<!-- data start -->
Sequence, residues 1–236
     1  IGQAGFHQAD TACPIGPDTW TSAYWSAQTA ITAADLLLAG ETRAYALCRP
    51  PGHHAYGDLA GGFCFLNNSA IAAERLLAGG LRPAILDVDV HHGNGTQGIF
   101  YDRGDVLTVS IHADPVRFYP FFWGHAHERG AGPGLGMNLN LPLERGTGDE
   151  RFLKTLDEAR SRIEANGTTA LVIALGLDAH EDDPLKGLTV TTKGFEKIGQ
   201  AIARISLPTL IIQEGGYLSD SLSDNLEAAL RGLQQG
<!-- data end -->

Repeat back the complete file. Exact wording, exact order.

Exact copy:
Sequence, residues 1–236
     1  IGQAGFHQAD TACPIGPDTW TSAYWSAQTA ITAADLLLAG ETRAYALCRP
    51  PGHHAYGDLA GGFCFLNNSA IAAERLLAGG LRPAILDVDV HHGNGTQGIF
   101  YDRGDVLTVS IHADPVRFYP FFWGHAHERG AGPGLGMNLN LPLERGTGDE
   151  RFLKTLDEAR SRIEANGTTA LVIALGLDAH EDDPLKGLTV TTKGFEKIGQ
   201  AIARISLPTL IIQEGGYLSD SLSDNLEAAL RGLQQG